The Center School

RIGOROUS EDUCATION FOR DEEP THINKERS AND CREATIVE SPIRITS. PRESCHOOL-8TH GRADE. EST. 1981

Independence Day At Greenfield Center School

Adam Orth, Recorder Staff
GREENFIELD, MA (04/12/2004)

Wednesday was Independence Day at Greenfield Center School. That’s the day the K-8 school finalized purchasing its buildings for about $700,000.

“The staff is celebrating at my house, right now. As we speak, we are all here,” said Executive Director Laura Baker, when reached by phone at around 3 p.m. Wednesday.

Established in 1981 to test innovative teaching techniques developed by the Northeast Foundation for Children, the school originated Responsive Classroom approaches used locally and throughout the country.

It separated from the foundation in 2002 and has been planning for its future ever since. It considered but rejected the possibility of moving, which led to the decision to buy the buildings from the foundation.

“We’ve been in the black for two years. Certainly the bank thinks we’re a good risk. I do, too,” Baker said.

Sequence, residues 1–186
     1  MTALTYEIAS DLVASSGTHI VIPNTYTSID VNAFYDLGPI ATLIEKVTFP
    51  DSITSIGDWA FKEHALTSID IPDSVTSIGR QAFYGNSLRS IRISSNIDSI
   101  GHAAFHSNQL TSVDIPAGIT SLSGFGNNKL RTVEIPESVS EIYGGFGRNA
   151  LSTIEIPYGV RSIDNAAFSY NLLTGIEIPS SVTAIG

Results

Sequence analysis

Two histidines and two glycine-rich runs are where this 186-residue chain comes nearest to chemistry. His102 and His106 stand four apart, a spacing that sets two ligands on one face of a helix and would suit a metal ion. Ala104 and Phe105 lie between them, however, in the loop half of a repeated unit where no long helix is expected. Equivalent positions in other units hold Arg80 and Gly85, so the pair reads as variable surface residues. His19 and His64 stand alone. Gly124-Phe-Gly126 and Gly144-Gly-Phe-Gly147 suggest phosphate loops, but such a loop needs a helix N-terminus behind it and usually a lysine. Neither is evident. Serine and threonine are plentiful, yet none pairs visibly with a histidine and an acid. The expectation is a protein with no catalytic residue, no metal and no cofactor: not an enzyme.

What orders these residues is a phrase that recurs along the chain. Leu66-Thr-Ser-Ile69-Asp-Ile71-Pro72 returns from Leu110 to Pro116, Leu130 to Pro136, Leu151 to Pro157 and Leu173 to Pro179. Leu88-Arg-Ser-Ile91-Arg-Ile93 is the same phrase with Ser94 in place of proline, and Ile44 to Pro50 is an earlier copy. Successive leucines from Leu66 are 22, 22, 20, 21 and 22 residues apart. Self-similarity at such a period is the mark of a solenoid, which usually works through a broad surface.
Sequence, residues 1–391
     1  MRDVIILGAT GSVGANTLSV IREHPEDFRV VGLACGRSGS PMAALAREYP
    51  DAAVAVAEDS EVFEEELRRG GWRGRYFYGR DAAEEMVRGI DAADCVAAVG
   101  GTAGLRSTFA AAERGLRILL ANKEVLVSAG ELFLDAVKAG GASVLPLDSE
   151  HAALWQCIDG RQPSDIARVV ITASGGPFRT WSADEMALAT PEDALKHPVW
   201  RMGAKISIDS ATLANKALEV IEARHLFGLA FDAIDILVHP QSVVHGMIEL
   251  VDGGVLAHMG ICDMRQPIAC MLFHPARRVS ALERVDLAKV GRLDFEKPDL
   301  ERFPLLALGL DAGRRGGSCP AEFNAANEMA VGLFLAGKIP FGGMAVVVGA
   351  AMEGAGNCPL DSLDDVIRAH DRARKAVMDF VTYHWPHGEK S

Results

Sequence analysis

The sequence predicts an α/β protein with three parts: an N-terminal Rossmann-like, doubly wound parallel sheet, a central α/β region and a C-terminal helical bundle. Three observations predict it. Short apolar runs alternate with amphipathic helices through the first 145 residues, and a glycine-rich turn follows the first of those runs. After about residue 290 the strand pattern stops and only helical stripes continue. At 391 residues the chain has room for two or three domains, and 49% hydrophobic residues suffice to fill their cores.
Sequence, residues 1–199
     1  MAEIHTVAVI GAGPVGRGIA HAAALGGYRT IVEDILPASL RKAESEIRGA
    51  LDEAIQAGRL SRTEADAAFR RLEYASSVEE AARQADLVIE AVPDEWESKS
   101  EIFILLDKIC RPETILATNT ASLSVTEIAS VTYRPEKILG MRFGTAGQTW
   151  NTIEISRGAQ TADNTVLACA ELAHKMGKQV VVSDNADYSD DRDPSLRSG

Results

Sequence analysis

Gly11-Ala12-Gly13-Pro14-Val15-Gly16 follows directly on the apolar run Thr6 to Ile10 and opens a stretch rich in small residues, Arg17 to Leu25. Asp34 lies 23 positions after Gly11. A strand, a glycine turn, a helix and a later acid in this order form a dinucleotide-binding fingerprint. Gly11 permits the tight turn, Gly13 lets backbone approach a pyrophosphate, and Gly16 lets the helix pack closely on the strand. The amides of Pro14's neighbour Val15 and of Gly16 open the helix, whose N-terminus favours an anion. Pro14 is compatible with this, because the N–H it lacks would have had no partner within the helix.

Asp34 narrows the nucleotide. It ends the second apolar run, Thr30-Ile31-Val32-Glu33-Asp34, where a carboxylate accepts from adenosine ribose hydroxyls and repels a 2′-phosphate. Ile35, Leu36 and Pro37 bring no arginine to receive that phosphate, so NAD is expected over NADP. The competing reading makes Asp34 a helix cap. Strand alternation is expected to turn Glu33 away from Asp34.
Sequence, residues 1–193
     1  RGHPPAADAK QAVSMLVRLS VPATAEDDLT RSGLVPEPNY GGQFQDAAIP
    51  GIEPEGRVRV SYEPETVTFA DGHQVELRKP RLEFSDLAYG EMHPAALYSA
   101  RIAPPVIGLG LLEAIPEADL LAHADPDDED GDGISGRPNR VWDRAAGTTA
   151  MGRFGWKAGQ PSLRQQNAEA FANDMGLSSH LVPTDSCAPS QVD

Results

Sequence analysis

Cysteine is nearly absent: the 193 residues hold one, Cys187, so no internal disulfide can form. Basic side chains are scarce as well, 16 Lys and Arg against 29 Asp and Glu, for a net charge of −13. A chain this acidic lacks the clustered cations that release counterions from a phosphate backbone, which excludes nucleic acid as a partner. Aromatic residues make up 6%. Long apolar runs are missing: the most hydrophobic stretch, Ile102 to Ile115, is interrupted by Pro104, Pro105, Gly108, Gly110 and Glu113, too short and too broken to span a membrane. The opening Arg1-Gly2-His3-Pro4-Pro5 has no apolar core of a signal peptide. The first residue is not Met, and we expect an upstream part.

Helping the school with its planning work is an anonymous donation that three years ago started covering the $30,000 annual cost of a part-time development director for five years.

“That’s one of the most wonderful things,” said Baker, who adds she and others have no idea who made the donation.

The school has been located at 71 Montague City Road since 1988. It now owns the Brick Building, formerly the Abercrombie School; the Finer Building, which was built in 1991; and the foundation’s current office building, which is known as the Yellow House.

The foundation has two years to find a new home, Baker said.

She said a capital campaign is planned to raise money needed to renovate the buildings, both to improve them and to create more classroom space.

Currently, the school has 144 students in Grades K-8 and in a post-graduate program that follows eighth-grade. In the next few years, it plans to gradually increase to 156 students.

Previously, a lack of classroom space prevented the school from reaching 156 students, which Baker said would stabilize the school’s population to about 18 students for each grade.

Parents and students interested in learning more about the school can attend its annual open house on April 15, from 6 to 8 p.m. Tours and examples of student work will be available.

The school is a nonprofit and has scholarships available that are based on financial need.

Weather permitting, there will be a schoolwide celebration of the purchase on May 1. Billed as a working celebration, events planned include painting inside walls, planting a new garden and adding on to the playground structure.

Additionally, children and adults will form a singing circle around the school.

“Then, there will be a potluck dinner and a dance,” said Baker. “It’s just very exciting, and we are so worth it.”

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